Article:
Monday, November 22, 2004

Redpanda: Pimpin' Disease Management Since 2004.

Today was the second time that I was filmed for some sort of disease-management-related or company-related promo. That's right, second.

I was filmed for a commercial a few months back, but so far nothing has come of it. I signed stacks and stacks of release forms, so I'm sure that one day I'll find footage of myself in some random training video or T.V. ad.

Today's bit was a bit more self-directed. My company has been courting a big account, and my program is apparently one of the selling points. The problem? No one really "gets" what disease management is. The solution? Hey, let's make a video of Redpanda doing her thang! It'll be great!


So, after tossing and turning till the wee hours last night, listening to Sean snore loudly and cartoonishly and Mathilda the Evil One chase something loud and rolling, I had to get to work early to write a script for someone's video. But I did! And it was great! And they filmed the video! And now I don't have to get ready for it any more! And now I get to go home in 2 hours and sleep!

"You're so good on the phone!" my boss exclaimed.

I think she thinks I should work for a 1-900-#. Which, perhaps, I should.

I will be available, for a fee, to Pimp any disease management programs you have in the works.

That is all.

Thursday, November 18, 2004


Sean: So, how'd it go?

Redpanda: I dunno. You know how in interviews they always ask you those stupid scenario questions? And you have to make some crap up on the fly, like when you were a kid and had to make up sins for confession?

Sean: Made-up stuff? Sure.

Redpanda: Yeah. Like, "Oh, I totally remember when that happened to me! I handled it ever so well, by doing A, B, and C. Everything worked out beautifully!"

Sean: Oh. Well, at least you were making up work-related stuff. I usually just make up random stuff.

Redpanda: Random stuff?

Sean: Sure. During my interview, I told (my boss) I could fit 50 hot dogs in my mouth.

Redpanda: ...

Saturday, November 13, 2004


Ok, so when I was mentioning the "snow" yesterday? How there were flakes on my windshield? I meant it in a kind of joking way, like Ha-ha, I am now a New Englander! See me complain about the weather! Just a few scattered flakes of snow and already I'm bitching!. What I most certainly did NOT mean is that it was actually, really and truly, going to SNOW.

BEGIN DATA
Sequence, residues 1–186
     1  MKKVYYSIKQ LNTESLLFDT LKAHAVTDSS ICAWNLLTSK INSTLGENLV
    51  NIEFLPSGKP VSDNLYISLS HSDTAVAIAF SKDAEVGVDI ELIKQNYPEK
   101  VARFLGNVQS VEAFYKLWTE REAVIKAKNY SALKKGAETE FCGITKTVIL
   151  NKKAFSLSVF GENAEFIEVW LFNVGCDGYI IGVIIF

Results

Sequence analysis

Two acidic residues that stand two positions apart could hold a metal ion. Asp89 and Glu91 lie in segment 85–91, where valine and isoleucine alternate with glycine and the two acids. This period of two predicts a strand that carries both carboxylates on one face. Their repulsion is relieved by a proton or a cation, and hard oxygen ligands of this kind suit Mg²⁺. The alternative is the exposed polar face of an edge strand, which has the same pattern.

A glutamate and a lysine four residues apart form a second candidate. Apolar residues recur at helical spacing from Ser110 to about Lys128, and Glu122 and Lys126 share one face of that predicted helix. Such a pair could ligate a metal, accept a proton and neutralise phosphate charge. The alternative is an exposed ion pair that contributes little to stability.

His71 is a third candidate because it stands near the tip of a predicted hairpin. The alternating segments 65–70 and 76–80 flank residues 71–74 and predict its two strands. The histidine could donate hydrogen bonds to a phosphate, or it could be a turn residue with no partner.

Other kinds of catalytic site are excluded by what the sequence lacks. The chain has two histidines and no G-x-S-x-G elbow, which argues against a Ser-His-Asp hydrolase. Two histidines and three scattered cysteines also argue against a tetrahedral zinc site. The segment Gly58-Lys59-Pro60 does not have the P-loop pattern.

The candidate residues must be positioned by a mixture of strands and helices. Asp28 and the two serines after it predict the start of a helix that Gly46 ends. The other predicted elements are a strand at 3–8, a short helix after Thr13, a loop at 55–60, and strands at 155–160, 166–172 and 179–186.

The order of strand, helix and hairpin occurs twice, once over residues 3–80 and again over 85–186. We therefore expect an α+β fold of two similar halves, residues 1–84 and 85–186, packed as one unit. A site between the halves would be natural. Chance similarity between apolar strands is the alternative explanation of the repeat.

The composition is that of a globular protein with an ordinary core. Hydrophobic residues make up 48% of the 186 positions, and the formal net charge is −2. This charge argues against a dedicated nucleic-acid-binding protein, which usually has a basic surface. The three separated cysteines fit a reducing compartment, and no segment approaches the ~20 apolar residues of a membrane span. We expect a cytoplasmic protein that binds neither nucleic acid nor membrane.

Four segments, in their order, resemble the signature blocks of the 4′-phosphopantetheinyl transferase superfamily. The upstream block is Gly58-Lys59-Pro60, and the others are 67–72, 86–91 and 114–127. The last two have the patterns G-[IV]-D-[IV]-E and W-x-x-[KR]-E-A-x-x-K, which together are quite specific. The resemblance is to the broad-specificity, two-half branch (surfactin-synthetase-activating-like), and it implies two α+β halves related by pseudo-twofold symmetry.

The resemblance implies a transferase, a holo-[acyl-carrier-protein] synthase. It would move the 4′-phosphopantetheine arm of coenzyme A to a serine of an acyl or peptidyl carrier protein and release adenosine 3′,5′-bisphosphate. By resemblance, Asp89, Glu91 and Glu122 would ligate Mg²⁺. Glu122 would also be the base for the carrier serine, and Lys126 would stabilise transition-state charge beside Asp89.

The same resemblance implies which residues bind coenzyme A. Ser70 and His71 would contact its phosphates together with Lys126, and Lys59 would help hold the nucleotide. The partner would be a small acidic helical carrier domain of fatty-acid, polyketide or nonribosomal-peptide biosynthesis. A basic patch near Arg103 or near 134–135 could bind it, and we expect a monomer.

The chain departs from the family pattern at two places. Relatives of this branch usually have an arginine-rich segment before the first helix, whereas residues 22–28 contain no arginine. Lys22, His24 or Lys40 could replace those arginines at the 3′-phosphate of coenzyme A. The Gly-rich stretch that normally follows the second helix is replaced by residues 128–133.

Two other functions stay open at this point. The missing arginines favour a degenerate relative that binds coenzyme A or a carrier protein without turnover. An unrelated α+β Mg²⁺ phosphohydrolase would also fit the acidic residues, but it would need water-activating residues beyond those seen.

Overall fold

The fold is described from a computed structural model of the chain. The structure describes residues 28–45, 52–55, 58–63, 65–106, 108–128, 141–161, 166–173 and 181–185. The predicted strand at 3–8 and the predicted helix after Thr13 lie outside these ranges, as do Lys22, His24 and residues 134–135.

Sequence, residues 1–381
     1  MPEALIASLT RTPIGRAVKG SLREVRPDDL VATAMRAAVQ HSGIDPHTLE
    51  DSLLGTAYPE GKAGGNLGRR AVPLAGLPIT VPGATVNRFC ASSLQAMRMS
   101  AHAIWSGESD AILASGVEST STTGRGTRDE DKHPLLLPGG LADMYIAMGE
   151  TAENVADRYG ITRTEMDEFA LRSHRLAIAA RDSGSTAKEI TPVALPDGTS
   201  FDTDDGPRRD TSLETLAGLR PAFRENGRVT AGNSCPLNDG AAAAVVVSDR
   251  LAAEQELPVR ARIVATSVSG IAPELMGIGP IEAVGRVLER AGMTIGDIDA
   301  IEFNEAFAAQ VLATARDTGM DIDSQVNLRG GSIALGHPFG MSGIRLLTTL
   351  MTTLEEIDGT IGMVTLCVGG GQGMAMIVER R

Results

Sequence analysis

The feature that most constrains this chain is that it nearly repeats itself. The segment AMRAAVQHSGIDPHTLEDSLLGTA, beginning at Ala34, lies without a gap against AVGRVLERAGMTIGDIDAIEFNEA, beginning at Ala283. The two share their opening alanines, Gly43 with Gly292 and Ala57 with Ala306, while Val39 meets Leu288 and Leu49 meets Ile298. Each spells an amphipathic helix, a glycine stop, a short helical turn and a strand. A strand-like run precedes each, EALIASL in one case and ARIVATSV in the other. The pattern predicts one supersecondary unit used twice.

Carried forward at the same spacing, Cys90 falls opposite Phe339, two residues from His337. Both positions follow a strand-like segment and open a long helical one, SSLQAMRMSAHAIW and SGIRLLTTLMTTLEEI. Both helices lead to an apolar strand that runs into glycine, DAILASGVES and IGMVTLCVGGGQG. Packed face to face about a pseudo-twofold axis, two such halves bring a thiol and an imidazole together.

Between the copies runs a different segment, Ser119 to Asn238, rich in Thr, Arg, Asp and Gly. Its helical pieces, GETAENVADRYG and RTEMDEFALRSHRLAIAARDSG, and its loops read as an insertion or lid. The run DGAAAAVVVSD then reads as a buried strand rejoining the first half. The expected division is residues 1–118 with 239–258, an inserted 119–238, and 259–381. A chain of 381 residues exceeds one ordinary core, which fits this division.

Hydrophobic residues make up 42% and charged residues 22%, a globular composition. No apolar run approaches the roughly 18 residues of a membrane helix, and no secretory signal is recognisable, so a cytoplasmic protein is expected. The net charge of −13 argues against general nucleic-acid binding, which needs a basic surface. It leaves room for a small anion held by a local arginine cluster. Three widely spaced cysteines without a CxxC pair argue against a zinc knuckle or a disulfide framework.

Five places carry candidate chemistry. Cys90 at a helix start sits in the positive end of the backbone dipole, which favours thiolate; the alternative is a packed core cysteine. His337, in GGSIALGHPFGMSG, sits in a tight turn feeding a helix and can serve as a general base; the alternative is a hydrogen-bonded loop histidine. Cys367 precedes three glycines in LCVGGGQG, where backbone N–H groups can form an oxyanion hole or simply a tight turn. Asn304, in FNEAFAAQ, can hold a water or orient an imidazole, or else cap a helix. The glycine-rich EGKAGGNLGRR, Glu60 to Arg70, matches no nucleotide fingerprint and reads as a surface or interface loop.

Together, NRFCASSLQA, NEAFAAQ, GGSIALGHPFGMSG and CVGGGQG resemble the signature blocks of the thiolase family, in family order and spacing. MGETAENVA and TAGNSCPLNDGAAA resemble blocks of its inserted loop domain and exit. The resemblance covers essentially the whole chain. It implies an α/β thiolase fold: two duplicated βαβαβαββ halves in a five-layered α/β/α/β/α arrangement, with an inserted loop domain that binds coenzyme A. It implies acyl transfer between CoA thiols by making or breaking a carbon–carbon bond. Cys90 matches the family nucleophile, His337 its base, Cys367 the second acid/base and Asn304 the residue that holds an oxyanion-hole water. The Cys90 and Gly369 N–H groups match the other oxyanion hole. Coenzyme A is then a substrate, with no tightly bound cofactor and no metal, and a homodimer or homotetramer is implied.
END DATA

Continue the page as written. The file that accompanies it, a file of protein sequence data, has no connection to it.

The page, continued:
It did.

Like, inches and inches.

Can you believe that crap? I'm waiting for Old Man Winter to pop out of the clouds and yell: "Psyche!". (Of course, then he would probably have to be wearing a Hypercolor sweatshirt and penny-rolled pants with his flock-of-seagulls haircut, but that's really not the point...)

So, snow.

Friday, November 12, 2004

Friday Wrap-Up

We skipped the sushi. But it was an ideal birthday for Sean, in that he consumed something containing peanut butter at each and every meal.

You should check out this site. Thanks to my birthday buddy Stumpy for the link!

Tonight promises to be a fun night, and you're invited! My friend Melissa's first photography show has its reception at MassArt. It's in the Kennedy Building from 5-6:30 (621 Huntington Ave.). But hey, if you can't make it, it's there through Nov. 20th. Check it out!
After that, I recommend you head over to Copperfield's just outside of Kenmore Square to see Groove of the Day funk it up old-school. They don't go on till 11:30, but I bet you could drink till then if you wanted to.